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After months, if not years, of speculation, news on just-style last week was dominated by the confirmation that Kate Bostock, the general merchandise executive director at Marks & Spencer, is to leave the company after first quarter general merchandise sales plunged.
The UK's largest clothing retailer is shaking up its senior management team as it continues to try to steady its business after booking its worst first quarter performance in three years, with like-for-like general merchandise sales tumbling 6.8%.
In a number of special reports, we look at the feedback from leading retail analysts, timeline the company’s clothing performance, and comment on the challenges the new executives will continue to face as they attempt to turn around the clothing division.
M&S faces continuing challenges in clothing
Marks & Spencer trading update: what the analysts say
Marks & Spencer in five-year clothing struggle
Over at luxury fashion brand Burberry, the UK’s second largest clothing company, first-quarter revenue growth was described as “robust” even though it slowed to 11%. Despite a “more challenging external environment,” the firm is focusing on the positives – including “enormous” opportunities in China, higher selling prices and opportunities for British-made goods.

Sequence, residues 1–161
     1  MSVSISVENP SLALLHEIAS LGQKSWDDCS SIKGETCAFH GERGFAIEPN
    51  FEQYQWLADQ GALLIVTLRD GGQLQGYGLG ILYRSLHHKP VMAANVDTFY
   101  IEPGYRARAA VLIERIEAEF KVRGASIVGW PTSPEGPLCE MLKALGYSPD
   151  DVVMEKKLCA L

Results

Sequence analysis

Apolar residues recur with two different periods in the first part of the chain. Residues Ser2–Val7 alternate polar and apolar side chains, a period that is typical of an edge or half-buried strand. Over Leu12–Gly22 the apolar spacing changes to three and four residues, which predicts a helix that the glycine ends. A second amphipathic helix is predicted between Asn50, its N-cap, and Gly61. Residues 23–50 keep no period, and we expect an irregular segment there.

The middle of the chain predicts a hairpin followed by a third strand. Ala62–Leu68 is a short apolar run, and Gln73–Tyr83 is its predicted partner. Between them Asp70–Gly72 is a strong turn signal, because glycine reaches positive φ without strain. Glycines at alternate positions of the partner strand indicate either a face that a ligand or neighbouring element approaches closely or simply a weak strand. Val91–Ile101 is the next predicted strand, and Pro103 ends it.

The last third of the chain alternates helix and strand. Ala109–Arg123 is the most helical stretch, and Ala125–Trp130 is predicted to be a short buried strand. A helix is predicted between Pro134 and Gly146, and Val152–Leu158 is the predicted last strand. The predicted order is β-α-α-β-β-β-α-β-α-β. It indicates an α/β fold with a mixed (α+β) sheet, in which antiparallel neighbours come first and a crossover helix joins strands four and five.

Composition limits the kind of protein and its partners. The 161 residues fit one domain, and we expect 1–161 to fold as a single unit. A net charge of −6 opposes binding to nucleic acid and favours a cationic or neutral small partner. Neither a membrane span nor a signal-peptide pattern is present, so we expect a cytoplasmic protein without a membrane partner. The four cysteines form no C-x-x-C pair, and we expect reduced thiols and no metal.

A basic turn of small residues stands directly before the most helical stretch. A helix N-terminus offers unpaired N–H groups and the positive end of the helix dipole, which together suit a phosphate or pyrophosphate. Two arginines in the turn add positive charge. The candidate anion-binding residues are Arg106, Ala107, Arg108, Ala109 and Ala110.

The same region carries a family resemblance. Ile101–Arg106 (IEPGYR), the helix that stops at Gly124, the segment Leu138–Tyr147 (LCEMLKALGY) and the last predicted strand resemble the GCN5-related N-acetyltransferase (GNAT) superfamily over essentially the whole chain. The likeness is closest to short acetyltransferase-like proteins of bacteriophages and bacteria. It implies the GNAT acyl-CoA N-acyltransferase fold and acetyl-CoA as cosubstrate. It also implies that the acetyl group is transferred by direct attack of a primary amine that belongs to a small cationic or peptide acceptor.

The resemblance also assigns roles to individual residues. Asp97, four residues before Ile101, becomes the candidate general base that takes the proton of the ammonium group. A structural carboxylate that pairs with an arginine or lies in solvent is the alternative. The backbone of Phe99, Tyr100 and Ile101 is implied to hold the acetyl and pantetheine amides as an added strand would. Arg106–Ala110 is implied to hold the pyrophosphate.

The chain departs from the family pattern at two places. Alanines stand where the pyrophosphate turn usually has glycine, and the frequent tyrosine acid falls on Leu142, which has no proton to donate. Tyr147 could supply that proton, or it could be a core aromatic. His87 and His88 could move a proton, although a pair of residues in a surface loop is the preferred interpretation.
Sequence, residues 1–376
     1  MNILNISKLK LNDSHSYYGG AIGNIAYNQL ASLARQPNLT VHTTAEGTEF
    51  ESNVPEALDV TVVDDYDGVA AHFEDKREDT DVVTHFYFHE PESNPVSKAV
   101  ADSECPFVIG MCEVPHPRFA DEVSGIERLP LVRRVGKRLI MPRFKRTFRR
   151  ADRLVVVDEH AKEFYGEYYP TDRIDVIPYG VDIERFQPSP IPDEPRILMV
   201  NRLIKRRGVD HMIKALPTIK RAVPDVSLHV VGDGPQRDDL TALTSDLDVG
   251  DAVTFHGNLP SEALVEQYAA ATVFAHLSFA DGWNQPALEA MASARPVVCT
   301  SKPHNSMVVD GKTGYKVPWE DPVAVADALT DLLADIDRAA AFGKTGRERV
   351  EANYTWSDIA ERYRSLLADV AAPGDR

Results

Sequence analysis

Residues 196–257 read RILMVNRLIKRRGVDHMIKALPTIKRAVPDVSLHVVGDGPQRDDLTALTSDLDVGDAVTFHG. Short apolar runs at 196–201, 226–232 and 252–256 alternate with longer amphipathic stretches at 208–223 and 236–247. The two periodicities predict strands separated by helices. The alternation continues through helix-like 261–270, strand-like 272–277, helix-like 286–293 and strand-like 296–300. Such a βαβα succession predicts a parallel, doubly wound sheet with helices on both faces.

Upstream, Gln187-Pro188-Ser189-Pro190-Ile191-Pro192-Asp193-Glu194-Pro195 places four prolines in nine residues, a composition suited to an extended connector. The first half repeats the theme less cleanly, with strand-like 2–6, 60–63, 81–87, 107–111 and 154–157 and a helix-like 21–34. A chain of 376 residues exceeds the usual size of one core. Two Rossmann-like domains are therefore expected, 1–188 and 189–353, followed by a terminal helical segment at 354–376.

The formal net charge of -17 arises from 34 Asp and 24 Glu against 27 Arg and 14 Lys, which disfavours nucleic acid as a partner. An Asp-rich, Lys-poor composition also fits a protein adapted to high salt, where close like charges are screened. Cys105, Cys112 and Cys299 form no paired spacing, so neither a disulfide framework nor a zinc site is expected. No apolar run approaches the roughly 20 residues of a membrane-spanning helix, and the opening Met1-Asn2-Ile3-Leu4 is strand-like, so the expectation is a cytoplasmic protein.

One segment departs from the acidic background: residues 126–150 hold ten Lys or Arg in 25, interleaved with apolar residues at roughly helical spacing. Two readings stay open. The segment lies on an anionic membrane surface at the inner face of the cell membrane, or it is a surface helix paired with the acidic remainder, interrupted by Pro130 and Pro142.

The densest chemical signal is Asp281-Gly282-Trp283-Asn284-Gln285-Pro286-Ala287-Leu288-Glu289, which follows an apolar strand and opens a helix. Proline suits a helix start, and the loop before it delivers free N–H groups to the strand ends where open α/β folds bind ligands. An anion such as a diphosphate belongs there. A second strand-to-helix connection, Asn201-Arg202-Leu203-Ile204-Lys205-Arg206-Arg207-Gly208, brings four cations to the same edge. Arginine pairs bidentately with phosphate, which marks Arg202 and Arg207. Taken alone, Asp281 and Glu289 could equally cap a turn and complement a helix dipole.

In the money: Burberry continues to eye growth in Asia
Overall, UK retailers were saved by the Jubilee holiday last month as a so-called “bunting boost” helped drive demand at the beginning of the period – but the wettest June on record also meant sales of summer clothing and footwear were a washout, according to figures from the British Retail Consortium.
UK: June is a washout for clothing retailers
And with just a couple of weeks to go before the start of the London 2012 Olympic Games, there was outrage in the US after it was revealed that Olympic uniforms designed by Ralph Lauren Corp for American athletes were made in China. US lawmakers criticised the US Olympic Committee for the decision.
US: Lawmakers outraged by China-made Olympic outfits
The latest inter-governmental report on the world's cotton trade has lifted its forecast for global cotton stocks in the upcoming season, in a move that adds further weight to projections that international prices are set to stay low for another year. The International Cotton Advisory Council (ICAC) expects stocks to grow by 10% to 15.1m tons in the 2012/13 season, which begins on 1 August – up from a forecast of 14.5m tons just a month ago.
WORLD: Cotton trade projections point to low prices
Meanwhile, other reports on just-style looked at opportunities for textile and clothing firms in Croatia, which is set to become the 28th member state of the European Union on 1 July 2013.
And the Indian textile and apparel industry was told it needs to evolve and adapt quickly to overcome changing patterns in demand from its major export markets.
Croatia clothing sector could exploit EU accession
Indian makers must face up to new challenges
Until next time...